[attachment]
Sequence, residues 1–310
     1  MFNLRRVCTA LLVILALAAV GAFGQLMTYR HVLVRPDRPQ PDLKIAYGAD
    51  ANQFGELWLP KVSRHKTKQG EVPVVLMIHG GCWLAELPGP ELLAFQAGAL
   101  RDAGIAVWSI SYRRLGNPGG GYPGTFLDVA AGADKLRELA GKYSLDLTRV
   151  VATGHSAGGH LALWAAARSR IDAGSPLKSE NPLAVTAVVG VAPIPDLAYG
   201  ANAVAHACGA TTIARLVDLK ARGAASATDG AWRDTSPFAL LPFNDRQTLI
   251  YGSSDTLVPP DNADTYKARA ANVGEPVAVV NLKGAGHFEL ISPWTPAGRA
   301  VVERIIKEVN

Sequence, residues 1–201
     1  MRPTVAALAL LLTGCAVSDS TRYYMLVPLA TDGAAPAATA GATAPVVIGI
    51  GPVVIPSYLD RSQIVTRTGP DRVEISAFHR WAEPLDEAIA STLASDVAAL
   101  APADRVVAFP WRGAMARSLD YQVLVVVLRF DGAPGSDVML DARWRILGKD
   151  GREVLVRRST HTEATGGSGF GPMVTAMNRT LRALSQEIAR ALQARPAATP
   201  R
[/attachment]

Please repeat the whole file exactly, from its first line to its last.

Sequence, residues 1–310
     1  MFNLRRVCTA LLVILALAAV GAFGQLMTYR HVLVRPDRPQ PDLKIAYGAD
    51  ANQFGELWLP KVSRHKTKQG EVPVVLMIHG GCWLAELPGP ELLAFQAGAL
   101  RDAGIAVWSI SYRRLGNPGG GYPGTFLDVA AGADKLRELA GKYSLDLTRV
   151  VATGHSAGGH LALWAAARSR IDAGSPLKSE NPLAVTAVVG VAPIPDLAYG
   201  ANAVAHACGA TTIARLVDLK ARGAASATDG AWRDTSPFAL LPFNDRQTLI
   251  YGSSDTLVPP DNADTYKARA ANVGEPVAVV NLKGAGHFEL ISPWTPAGRA
   301  VVERIIKEVN

Sequence, residues 1–201
     1  MRPTVAALAL LLTGCAVSDS TRYYMLVPLA TDGAAPAATA GATAPVVIGI
    51  GPVVIPSYLD RSQIVTRTGP DRVEISAFHR WAEPLDEAIA STLASDVAAL
   101  APADRVVAFP WRGAMARSLD YQVLVVVLRF DGAPGSDVML DARWRILGKD
   151  GREVLVRRST HTEATGGSGF GPMVTAMNRT LRALSQEIAR ALQARPAATP
   201  R